Host, The (2013)
Release date: March 29, 2013
Director: Andrew Niccol
Based on the novel by: Stephenie Meyer
Screenplay by: Andrew Niccol
Cast: Saoirse Ronan, Diane Kruger, William Hurt, Max Irons
Once upon a time, there was a promising and surprising little sci-fi film named Gattaca. Writer-director Andrew Niccol seemed like he could make some great films, and he did, writing The Truman Show and bringing Lord of War to the table years after. Over a decade later, it seems like things unfortunately haven’t gone as well as they should have for him.
Last year’s bland but pretty In Time left many wary of Niccol, and with his next work being based on a Stephenie Meyer novel, things weren’t looking very good for The Host from the start. In came Saoirse Ronan and Diane Kruger, two very talented women, and things seemed like they could go well for a moment. That, my friends, was a grave miscalculation.
Standing at two hours, Niccol’s film adaptation of The Host is somehow more frustrating than actually reading Meyer’s novel, which I have in fact done. The film kicks off with a fairly interesting concept, which involves the people of Earth being taken over by a peaceful alien race known as “souls.” Melanie (Ronan), a human rebel, is caught by the souls and has a soul implanted in her body.
Due to her will to live and protect her brother, she maintains partial control of her body and coaxes the soul inhabiting it to help her return to her brother. As expected, things go downhill quickly the moment they escape, as one of the souls known as The Seeker (Kruger) is hellbent on finding her and any other human rebels.
One of the many things that’s incredibly easy to present in writing is two people talking at once within one body. You just need quotations and two names. In a movie, it’s a little harder to get right, and Niccol completely drops the ball. Saoirse Ronan acts borderline insane, with incredibly laughable voice over work and an emotional range that is limited to looking bored and scared.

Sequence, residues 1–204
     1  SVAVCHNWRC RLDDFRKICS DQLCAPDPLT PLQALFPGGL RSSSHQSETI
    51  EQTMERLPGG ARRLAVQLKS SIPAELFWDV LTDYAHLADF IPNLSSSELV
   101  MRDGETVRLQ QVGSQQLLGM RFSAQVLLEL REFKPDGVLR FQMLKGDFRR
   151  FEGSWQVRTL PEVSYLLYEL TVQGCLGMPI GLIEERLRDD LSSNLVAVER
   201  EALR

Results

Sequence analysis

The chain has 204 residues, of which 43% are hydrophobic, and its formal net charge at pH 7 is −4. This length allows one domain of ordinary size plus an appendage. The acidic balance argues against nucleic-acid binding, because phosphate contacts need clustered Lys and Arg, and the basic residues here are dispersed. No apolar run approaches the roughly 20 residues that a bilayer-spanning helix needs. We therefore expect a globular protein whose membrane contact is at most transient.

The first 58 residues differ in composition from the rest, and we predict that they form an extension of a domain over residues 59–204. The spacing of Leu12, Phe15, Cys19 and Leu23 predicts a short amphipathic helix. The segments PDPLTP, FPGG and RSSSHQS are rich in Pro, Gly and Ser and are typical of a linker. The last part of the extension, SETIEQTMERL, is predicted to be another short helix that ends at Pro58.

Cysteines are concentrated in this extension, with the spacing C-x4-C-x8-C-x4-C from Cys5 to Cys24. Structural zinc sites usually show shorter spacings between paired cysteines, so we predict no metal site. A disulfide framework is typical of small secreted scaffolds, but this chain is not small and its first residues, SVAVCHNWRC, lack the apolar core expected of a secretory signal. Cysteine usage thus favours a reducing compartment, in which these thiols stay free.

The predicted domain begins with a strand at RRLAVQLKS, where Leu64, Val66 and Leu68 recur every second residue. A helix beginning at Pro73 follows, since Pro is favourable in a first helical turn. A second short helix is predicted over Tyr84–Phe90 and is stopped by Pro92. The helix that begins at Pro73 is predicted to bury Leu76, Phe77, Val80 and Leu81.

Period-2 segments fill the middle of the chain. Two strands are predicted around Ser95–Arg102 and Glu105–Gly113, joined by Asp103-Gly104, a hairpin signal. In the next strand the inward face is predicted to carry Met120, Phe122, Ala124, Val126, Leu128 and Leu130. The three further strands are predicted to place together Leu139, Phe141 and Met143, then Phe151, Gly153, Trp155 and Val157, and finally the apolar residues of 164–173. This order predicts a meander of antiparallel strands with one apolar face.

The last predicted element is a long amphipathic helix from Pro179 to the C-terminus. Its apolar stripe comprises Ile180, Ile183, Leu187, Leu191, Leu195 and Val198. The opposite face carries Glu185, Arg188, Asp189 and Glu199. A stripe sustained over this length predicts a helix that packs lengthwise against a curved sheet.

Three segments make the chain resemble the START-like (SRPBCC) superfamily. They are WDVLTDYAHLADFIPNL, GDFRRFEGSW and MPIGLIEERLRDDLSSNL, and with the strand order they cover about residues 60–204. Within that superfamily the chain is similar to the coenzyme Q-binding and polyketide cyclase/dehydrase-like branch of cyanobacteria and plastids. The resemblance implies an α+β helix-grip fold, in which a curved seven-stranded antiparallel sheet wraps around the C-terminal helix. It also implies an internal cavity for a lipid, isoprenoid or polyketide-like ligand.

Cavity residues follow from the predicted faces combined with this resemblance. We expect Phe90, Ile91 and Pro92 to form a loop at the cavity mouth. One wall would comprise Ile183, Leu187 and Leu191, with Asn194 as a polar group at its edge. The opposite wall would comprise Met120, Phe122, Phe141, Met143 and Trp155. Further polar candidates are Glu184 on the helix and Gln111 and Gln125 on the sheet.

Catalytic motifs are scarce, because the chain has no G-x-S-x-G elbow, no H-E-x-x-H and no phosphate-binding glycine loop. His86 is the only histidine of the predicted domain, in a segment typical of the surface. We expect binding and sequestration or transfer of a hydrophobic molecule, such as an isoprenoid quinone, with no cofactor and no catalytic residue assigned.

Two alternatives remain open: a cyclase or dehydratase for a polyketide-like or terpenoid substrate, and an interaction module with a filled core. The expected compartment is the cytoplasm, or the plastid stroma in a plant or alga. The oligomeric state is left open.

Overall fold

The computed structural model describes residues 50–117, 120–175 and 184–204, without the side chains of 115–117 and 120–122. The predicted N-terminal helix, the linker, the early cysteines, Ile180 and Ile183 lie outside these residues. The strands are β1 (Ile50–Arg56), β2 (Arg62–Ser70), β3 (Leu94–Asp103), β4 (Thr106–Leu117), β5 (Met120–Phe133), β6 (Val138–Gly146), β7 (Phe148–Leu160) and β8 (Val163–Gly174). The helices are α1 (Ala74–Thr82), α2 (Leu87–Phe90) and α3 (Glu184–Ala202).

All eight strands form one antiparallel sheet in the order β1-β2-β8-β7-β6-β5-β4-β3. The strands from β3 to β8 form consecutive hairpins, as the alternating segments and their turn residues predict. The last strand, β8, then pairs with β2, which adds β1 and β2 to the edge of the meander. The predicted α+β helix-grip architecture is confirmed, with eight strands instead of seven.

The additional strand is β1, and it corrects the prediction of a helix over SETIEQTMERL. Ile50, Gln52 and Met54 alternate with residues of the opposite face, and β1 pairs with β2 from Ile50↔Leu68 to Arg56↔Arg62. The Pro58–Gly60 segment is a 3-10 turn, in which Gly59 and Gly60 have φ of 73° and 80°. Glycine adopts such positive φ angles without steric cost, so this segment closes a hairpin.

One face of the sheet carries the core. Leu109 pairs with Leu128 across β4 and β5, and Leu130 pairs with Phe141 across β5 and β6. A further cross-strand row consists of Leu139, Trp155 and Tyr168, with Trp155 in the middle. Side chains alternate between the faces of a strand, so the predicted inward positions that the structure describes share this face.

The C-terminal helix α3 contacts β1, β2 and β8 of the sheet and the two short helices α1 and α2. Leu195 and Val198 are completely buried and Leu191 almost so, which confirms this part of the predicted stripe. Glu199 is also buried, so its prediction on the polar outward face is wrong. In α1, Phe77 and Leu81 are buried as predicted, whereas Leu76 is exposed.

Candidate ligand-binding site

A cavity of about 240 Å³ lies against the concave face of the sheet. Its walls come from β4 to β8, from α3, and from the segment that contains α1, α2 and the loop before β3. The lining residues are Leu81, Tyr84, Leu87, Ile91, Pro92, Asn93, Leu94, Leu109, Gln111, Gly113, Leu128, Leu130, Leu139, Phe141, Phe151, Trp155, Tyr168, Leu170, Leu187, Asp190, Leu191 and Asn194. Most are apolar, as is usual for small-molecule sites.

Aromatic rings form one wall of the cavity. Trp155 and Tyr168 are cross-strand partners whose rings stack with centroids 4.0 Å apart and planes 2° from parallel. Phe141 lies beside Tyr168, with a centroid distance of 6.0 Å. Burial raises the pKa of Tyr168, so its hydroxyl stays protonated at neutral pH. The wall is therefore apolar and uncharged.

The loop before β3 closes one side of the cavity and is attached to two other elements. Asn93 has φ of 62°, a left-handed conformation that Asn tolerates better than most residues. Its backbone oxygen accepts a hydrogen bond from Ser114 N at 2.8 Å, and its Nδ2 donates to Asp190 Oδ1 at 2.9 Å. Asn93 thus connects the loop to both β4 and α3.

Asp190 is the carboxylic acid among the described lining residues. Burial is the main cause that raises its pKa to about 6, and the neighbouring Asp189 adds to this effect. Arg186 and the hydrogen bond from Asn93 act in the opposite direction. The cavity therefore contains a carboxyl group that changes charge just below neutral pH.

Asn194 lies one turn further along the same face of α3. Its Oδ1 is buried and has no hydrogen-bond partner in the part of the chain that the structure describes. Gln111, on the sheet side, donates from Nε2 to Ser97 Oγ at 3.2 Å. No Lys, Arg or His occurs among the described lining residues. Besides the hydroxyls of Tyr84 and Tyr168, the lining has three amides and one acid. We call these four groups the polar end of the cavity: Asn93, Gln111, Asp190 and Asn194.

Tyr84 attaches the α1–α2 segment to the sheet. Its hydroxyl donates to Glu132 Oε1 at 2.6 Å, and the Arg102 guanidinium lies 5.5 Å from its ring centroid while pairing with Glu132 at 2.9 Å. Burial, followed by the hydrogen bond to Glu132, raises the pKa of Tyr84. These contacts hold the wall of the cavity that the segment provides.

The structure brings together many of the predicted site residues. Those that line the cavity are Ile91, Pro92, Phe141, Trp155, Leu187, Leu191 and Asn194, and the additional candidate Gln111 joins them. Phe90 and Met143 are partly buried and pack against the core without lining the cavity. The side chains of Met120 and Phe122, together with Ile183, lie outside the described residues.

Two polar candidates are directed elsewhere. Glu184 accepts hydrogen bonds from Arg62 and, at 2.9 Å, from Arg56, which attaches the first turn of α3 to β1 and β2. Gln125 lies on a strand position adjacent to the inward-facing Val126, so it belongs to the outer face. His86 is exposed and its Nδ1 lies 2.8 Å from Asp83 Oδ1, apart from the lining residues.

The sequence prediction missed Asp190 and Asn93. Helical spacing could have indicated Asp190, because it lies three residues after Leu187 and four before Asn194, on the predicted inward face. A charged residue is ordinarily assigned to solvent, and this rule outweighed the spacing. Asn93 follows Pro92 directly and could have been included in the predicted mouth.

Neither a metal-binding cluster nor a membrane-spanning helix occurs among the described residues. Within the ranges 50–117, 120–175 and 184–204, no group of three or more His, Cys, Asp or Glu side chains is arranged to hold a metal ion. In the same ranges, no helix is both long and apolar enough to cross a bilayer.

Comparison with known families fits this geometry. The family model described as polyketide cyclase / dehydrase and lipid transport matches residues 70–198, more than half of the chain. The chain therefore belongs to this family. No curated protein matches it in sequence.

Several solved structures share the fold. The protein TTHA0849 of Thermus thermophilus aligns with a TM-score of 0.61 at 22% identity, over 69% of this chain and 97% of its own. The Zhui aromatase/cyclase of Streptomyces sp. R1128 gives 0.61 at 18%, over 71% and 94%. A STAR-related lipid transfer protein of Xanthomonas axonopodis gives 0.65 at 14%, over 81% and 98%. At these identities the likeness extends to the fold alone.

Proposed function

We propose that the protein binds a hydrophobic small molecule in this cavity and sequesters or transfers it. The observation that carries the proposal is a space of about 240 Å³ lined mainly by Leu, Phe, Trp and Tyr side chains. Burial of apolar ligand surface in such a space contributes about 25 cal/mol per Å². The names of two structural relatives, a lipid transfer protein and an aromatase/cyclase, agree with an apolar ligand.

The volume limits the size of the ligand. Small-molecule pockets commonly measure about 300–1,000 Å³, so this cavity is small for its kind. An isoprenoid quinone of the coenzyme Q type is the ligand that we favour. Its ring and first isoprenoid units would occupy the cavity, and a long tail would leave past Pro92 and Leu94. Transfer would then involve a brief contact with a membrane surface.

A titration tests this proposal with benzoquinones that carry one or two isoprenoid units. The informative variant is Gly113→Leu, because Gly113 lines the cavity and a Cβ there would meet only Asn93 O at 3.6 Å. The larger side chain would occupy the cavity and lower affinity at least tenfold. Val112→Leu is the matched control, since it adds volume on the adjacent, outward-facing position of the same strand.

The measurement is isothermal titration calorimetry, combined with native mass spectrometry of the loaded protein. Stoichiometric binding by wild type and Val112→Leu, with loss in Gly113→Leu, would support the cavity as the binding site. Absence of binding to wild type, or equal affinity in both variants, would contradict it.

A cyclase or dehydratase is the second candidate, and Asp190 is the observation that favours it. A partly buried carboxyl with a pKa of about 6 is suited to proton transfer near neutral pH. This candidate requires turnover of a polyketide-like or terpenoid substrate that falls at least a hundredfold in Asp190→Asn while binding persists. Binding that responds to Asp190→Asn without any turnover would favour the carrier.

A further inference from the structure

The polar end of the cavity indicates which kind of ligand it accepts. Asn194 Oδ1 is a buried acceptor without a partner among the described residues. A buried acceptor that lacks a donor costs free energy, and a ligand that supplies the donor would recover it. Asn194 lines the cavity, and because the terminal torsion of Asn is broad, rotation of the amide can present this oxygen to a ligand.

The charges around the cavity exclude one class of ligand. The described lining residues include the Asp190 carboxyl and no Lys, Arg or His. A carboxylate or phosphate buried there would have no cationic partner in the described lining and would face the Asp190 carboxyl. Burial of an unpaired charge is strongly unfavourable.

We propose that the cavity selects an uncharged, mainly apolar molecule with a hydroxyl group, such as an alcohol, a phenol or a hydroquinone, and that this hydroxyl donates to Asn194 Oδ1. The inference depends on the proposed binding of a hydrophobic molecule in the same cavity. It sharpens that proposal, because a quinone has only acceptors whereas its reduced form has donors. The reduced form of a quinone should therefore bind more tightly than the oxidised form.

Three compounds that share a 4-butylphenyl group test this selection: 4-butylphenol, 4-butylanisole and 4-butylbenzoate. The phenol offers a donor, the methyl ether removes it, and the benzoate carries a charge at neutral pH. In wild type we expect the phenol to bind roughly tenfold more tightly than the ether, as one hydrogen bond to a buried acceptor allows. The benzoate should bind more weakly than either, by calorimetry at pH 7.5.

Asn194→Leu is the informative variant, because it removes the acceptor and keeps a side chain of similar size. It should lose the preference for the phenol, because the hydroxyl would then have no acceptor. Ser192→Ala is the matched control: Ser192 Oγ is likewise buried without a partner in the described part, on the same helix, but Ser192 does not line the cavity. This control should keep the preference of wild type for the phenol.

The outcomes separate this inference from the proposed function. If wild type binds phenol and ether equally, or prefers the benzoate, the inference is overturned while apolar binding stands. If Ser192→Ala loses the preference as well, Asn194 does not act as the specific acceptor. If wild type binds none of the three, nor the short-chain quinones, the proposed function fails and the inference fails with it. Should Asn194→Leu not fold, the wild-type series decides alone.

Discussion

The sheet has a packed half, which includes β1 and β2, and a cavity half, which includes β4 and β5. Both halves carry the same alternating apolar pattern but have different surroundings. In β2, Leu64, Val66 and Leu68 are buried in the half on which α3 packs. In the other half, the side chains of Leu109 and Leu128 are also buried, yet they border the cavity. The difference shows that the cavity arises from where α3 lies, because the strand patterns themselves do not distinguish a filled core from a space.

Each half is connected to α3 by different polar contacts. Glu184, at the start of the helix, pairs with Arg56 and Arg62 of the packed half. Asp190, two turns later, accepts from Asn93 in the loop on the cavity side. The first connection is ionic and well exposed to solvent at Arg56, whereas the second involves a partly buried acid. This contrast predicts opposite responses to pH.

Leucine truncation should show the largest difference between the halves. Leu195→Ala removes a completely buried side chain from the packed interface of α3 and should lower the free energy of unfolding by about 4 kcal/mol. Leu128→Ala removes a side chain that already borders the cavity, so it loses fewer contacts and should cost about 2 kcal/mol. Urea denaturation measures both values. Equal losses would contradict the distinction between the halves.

Any importance to the main narrative is thrown aside for Stephenie Meyer’s favorite thing in the world: awkward romantic relationships. Coming from a person who defends Twilight to a certain extent, there is nothing redeemable about the love affairs in this movie. The Host delivers pure Stockholm and Lima Syndrome, as the films relationships involve plenty of assault and captivation, with one of the most passionate lines delivered between lovers being, “Kiss me like you wanna get slapped.”
Sure, Andrew Niccol sugarcoats things with some truly good looks, as the design, but every shiny object in the world can’t distract one from the slow, unfolding mess. Where’s the real fear in the idea of an alien invasion? Why isn’t Diane Kruger pointing and screeching a la Invasion of the Body Snatchers? Who cares about this whole late nineties WB teen drama between a girl, the other soul alien thing in her, and the two boys that love the woman and alien within her body? I’ll stick to the cheesy and reliable Roswell for my human alien relationship drama, thanks.
By the time you’ve made it through The Host, the cold realization that you wasted two hours of your life will hit you like a brick. With any luck, some alien being will already have settled in your body and the memory of Andrew Niccol’s worst film will be wiped away for good.